Image_5_Fine Mapping to Identify the Functional Genetic Locus for Red Coloration in Pyropia yezoensis Thallus.PNG (16.53 kB)
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Image_5_Fine Mapping to Identify the Functional Genetic Locus for Red Coloration in Pyropia yezoensis Thallus.PNG

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posted on 23.06.2020, 05:09 authored by Xinzi Yu, Lu Wang, Kuipeng Xu, Fanna Kong, Dongmei Wang, Xianghai Tang, Bin Sun, Yunxiang Mao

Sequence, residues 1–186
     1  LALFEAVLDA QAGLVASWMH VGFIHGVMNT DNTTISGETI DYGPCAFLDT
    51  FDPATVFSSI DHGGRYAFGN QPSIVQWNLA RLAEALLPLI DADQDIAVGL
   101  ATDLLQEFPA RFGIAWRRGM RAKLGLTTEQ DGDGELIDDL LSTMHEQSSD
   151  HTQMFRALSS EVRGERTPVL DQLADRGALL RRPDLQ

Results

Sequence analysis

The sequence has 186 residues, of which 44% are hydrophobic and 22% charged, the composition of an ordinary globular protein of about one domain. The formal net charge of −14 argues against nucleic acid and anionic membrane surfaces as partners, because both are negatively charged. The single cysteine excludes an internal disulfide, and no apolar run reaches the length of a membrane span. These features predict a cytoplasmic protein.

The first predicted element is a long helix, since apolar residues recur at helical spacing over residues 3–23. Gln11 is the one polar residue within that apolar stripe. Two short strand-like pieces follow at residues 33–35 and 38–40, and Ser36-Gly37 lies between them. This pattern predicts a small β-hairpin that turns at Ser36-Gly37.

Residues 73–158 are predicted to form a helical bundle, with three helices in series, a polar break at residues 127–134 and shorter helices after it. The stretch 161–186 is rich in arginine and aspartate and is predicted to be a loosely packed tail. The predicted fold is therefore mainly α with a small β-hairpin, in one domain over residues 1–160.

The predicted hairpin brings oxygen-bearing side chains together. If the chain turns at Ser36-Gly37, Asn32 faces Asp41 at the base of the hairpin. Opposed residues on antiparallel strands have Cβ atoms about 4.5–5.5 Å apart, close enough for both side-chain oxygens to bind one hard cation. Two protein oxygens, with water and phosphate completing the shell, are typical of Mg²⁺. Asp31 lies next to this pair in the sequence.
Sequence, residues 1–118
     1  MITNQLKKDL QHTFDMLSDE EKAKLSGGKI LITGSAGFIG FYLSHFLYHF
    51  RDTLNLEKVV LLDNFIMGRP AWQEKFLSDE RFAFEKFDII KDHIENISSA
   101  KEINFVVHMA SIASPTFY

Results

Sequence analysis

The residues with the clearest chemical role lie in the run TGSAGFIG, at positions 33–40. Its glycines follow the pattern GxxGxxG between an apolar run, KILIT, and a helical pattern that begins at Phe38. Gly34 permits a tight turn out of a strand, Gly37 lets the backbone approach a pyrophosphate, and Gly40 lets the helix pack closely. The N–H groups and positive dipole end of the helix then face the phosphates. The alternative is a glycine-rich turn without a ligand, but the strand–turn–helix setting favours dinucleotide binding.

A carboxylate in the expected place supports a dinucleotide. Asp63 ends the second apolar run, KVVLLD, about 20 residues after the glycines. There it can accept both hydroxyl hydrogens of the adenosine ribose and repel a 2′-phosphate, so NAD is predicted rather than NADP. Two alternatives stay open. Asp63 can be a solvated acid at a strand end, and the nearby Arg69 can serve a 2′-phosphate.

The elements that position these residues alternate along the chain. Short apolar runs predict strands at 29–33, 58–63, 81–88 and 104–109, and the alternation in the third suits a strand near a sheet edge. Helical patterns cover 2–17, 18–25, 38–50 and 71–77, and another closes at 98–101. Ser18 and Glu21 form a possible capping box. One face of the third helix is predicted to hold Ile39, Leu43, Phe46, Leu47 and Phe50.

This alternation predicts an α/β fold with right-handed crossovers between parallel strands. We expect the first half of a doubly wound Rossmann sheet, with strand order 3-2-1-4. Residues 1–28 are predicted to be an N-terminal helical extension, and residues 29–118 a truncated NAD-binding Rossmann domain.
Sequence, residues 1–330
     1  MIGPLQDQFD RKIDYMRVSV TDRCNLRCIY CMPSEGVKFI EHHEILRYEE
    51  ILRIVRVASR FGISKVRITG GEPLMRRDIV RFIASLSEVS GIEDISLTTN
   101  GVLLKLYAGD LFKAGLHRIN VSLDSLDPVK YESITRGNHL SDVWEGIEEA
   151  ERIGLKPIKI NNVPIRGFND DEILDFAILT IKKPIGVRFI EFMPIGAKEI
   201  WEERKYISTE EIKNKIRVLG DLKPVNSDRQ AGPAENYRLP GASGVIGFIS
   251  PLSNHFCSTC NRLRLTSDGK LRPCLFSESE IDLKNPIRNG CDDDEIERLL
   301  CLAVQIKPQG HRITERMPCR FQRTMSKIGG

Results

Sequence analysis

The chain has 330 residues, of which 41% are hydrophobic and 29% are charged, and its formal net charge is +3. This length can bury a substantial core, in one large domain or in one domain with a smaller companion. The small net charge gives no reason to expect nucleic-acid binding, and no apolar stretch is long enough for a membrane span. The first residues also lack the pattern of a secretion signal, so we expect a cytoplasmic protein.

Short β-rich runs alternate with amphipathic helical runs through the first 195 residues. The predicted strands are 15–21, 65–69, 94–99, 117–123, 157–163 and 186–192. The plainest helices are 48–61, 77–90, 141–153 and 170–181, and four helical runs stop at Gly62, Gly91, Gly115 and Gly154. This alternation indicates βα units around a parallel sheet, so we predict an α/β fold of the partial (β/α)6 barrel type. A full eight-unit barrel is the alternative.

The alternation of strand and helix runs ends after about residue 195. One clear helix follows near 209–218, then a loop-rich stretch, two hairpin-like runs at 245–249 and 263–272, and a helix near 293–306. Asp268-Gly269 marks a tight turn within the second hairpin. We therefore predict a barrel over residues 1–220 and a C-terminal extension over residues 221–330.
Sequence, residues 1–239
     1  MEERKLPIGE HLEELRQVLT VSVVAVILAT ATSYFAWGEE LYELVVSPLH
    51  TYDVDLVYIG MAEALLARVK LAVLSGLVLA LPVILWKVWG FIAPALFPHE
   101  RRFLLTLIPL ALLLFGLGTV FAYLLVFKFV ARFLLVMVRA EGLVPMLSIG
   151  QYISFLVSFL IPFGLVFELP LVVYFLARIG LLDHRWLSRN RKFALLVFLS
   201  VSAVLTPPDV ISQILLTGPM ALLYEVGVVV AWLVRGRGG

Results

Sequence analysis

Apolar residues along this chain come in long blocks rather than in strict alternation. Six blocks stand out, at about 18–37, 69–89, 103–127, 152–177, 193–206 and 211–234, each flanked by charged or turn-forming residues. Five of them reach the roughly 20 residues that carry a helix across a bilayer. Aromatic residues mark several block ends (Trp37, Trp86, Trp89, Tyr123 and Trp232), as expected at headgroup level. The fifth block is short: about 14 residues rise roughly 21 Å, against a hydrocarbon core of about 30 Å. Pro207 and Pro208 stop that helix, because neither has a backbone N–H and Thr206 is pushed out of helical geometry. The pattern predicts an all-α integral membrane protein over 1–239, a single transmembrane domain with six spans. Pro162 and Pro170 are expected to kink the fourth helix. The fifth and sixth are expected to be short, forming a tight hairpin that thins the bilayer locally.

Pyropia yezoensis, commonly known as “Nori” or “Laver” is an economically important marine crop. In natural or selected populations of P. yezoensis, coloration mutants are frequently observed. Various coloration mutants are excellent materials for genetic research and study photosynthesis. However, the candidate gene controlling the Pyropia coloration phenotype remains unclear to date. QTL-seq, in combination with kompetitive allele-specific PCR (KASP) and RNA-seq, can be generally applied to population genomics studies to rapidly identify genes that are responsible for phenotypes showing extremely opposite traits. Through cross experiments between the wild line RZ and red-mutant HT, offsprings with 1–4 sectors chimeric blade were generated. Statistical analyses revealed that the red thallus coloration phenotype is conferred by a single nuclear allele. Two-pair populations, consisting of 24 and 56 wild-type/red-type single-genotype sectors from F1 progeny, were used in QTL-seq to detect a genomic region in P. yezoensis harboring the red coloration locus. Based on a high-quality genome, we first identified the candidate region within a 3.30-Mb region at the end of chromosome 1. Linkage map-based QTL analysis was used to confirm the candidate region identified by QTL-seq. Then, four KASP markers developed in this region were used to narrow down the candidate region to a 1.42-Mb region. Finally, we conducted RNA-seq to focus on 13 differentially expressed genes and further predicted rcl-1, which contains one non-synonymous SNP [A/C] in the coding region that could be regulating red thallus coloration in P. yezoensis. Our results provide novel insights into the underlying mechanism controlling blade coloration, which is a desirable trait in algae.

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